Posted on: 23 October 2015
Picture a log cabin in the midst of a snowy wood. There's a blanket of white on the ground and on the roof, but through the windows, you can see the glow of a fireplace blazing inside. Sound cozy? Well, that depends on the cabin. The amount of air leakage through those log walls is the difference between cozy and chilly when winter sets in.
Luckily, there's a simple way to check out a log cabin's walls for air leakage: thermal imaging.
How Does Thermal Imaging Work?
If you've ever seen an image made with an infrared camera, you've seen thermal imaging in action; these images are printed in reds and blues, which correspond to hot and cold areas. They are sometimes used as a form of night vision or to find people in disaster areas via body heat. They are also used in building and construction work to check for poor insulation and areas where heat is being lost.
For log cabin thermal imaging, a contractor will use an infrared camera to take pictures of your home. Air leaks will be visible as blue, or cold, areas in your walls, usually corresponding with cracks in logs or areas between logs where separation has occurred or caulk has become damaged. You can also get a sense of how much heat you're losing through your windows by how blue they appear in these images; if you're losing a lot of heat, you might consider upgrading the insulation of your glazing.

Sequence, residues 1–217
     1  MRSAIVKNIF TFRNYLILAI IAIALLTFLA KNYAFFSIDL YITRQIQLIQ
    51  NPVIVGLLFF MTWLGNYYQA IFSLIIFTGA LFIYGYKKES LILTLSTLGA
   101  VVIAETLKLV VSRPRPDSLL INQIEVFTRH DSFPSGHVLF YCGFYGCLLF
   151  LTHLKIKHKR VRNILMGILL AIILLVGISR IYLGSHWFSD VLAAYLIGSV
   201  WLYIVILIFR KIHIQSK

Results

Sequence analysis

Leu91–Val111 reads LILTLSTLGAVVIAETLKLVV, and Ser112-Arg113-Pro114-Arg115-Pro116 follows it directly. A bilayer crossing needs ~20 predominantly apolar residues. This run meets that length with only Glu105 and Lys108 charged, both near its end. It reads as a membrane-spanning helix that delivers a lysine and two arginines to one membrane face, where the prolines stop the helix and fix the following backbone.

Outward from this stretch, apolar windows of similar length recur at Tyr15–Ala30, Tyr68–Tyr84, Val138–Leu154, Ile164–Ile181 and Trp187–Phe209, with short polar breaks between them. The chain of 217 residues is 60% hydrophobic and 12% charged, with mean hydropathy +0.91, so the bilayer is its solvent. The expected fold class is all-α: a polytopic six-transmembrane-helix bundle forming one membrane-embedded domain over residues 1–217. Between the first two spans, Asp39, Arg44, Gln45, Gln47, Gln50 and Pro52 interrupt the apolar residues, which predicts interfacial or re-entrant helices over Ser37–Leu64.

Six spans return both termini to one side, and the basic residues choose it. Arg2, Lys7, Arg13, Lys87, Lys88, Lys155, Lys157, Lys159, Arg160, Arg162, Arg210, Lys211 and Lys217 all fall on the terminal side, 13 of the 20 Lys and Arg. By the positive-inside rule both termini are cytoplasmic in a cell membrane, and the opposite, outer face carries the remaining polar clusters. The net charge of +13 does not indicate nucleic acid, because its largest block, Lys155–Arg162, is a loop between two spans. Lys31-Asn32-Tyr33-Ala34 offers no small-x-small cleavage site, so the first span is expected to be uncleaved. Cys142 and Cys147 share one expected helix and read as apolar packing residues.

What If The Imaging Shows Problems?
If the thermal imaging finds that you've got air leakage problems in your walls, the next step will be to seal up the leaking areas. The same contractor who did your thermal imaging will be able to advise you on the necessary repairs and carry them out.
If you prefer to do the work yourself, you should find out what type of caulking or sealant your log home manufacturer recommends in order to avoid damage to your home. There are many different types of sealant out there, and you'll want one that's specially formulated to adhere to logs; don't just use regular caulk.
Is This Only A Problem In Winter?
Unfortunately, air leakage is a problem no matter what the temperature is like outside. In addition to making it more difficult to keep a home warm in winter, it will also make it harder to keep cool in summer.
But beyond temperature problems, the same spots that cause air leakage also provide insects with a way to get inside your home. And if that's not enough, water can also get between your logs and even into your home through these openings. So don't put off repairs until the weather starts to get cold.Share